3D Images

Use Create | 3D Images… to create stereoscopic pictures that are viewable in 3D with the aid of special equipment. To create such pictures, you need two special source shots that are then joined into a single 3D picture.

Creating source pictures is fairly simple, and you do not need any special tools—you just take two shots of the subject from two slightly different angles. When taking the second shot, you move the camera by about the distance between an average pair of eyes (around 2 1/2 inches: 6-7 centimeters).

After you choose the two source images, Zoner Photo Studio tries to Find Shared Points. Using these points, it tries to compose the 3D image precisely even in cases where you turned, raised, or lowered the camera between the two shots. To delete any improperly detected shared points, select them and click Delete Selected Point or press [Del]. To delete all shared points, click Delete All Points. To add new points, click on the previews. The most points you can add is 12.

It is important to ensure that the left photo is on the left and the right photo is on the right. If the photos are switched, the final picture will not look 3D. If you do need to swap them, you can do so using the button named Left < — > Right.

The second step of the wizard is where the 3D image is actually created. Choose a 3D image type to set what method will be used to deliver depth information. The Anaglyph type stores depth information in the individual color channels. Viewing an anaglyph in 3D requires glasses with colored filters. The next type is JPS/PNS, which is based on placing the left and right source picture right next to each other; the resulting double-width image is then encoded to JPEG (JPS) or to PNG (PNS). Applications that support this format can determine the file format based on the extension and divide it into the two source pictures. The last type is MPO, which is the de facto standard for storing stereoscopic pictures and is supported by a wide range of devices (cameras, 3D televisions, etc.).

For the Anaglyph image type, there are also four anaglyph types available. Black-and-white makes the program convert the source pictures to grayscale and then from grayscale to the target colors. The remaining three methods create color anaglyphs. Color retains all colors. This may work poorly if the image contains large bright-red areas. To create aesthetically pleasing anaglyphs of scenes with such red areas, use Half-color, which weakens the red channel by an amount of your choice. To weaken the red channel further, use Optimized. Then use the Red Channel Level slider to set the amount of weakening.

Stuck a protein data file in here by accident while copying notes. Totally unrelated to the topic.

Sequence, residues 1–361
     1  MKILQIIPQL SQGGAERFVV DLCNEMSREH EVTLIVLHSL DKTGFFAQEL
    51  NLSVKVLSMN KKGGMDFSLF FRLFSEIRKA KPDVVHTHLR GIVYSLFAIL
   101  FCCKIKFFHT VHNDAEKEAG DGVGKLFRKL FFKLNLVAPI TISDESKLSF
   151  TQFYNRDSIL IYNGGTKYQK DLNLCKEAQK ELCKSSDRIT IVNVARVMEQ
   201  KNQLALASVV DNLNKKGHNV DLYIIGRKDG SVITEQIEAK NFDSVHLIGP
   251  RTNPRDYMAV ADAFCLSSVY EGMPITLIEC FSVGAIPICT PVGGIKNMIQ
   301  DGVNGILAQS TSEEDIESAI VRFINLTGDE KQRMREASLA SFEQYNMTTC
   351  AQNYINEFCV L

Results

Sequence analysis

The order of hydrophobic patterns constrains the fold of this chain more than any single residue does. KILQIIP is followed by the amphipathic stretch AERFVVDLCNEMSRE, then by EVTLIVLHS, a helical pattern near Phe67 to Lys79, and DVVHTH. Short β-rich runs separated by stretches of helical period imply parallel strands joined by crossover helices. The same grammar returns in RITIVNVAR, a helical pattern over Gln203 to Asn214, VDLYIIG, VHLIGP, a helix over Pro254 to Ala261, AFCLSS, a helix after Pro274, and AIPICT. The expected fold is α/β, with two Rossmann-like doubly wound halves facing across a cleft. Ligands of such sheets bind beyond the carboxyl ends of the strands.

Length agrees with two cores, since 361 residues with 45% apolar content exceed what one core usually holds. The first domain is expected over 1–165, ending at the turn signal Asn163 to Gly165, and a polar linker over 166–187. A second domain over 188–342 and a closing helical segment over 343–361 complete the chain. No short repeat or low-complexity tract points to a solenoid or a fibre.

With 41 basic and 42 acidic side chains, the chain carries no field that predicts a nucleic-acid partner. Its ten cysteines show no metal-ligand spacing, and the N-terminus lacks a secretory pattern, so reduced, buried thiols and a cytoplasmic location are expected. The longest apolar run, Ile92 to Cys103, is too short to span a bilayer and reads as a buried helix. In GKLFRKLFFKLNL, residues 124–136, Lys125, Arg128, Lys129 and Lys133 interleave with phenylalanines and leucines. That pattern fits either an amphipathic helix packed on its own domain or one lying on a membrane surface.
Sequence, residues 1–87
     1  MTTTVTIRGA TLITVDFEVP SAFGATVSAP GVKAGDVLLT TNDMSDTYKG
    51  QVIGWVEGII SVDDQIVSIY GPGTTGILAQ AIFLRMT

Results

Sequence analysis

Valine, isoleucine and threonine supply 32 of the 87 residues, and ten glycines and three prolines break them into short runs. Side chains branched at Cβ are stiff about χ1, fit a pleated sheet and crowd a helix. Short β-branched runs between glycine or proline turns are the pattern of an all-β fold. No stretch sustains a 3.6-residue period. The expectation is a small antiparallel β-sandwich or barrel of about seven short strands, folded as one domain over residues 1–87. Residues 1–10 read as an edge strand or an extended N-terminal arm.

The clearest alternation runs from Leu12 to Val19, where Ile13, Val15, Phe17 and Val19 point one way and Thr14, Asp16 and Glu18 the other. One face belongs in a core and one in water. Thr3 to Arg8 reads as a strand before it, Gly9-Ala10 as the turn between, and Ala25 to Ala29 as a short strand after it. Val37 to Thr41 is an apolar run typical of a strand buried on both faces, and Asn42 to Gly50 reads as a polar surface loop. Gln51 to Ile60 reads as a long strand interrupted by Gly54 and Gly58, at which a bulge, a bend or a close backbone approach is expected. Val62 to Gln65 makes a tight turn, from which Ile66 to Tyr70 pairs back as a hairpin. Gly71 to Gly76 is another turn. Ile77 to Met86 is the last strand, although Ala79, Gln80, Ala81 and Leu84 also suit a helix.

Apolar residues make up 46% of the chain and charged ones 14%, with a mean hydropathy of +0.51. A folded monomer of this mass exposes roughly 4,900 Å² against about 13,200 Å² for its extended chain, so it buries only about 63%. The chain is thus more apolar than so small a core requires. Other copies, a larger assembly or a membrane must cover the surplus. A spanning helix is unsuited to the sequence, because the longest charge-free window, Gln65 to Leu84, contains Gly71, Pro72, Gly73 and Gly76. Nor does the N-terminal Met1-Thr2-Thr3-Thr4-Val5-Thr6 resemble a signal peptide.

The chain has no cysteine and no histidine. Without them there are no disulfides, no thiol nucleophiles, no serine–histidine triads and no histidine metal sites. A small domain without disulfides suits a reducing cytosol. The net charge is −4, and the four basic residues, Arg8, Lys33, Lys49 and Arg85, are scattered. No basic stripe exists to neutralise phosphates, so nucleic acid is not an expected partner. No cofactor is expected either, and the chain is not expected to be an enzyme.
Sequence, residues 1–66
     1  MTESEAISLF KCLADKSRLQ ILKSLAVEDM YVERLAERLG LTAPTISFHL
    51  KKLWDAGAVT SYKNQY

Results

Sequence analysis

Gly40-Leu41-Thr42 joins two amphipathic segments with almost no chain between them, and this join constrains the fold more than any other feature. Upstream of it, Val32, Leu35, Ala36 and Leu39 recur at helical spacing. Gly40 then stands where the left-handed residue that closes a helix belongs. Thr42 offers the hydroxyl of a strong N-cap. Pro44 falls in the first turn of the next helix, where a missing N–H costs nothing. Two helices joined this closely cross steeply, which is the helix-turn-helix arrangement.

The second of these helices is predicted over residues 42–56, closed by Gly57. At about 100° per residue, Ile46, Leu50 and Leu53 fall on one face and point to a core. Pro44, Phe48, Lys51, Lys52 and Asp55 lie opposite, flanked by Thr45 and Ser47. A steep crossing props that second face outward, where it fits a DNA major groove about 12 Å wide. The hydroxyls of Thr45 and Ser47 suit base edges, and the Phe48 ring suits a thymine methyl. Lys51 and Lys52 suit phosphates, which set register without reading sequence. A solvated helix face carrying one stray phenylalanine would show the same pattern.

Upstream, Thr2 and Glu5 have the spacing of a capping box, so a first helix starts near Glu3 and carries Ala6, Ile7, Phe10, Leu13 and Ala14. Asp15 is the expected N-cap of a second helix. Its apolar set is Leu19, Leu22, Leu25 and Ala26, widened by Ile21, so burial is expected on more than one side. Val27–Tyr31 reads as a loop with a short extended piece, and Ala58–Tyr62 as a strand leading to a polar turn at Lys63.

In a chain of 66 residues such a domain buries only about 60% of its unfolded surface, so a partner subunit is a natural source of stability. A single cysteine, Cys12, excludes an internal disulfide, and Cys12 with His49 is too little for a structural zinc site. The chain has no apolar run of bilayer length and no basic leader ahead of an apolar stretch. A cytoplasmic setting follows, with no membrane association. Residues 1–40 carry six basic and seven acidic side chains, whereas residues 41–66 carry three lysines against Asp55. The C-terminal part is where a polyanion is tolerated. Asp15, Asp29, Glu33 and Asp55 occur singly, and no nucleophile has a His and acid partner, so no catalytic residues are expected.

Use the arrow buttons to manually correct the positions and rotations of the pictures against each other. Use the button in the middle of them to cancel your manual adjustments. To ensure that unjoined edge regions are removed automatically, leave the factory setting for Crop. Use the preview pane to preview the result. PNS/JPS and MPO images are only viewable in 3D using special software. To preview 3D images in these formats when that software is not at hand, force an anaglyph-style preview using the Preview Type control.

In the last step, save the 3D image or, for anaglyphs, open it in the Editor for further edits if desired.

Support for the MPO, JPS, PNS, and BMS Formats

For source pictures in normal image formats, two source files are always necessary, but some specialized formats can contain both source pictures in a single file. In this case, just select that one file, and the program will read both source pictures automatically.

Some persons with vision defects do not see anaglyph-type 3D pictures in 3D.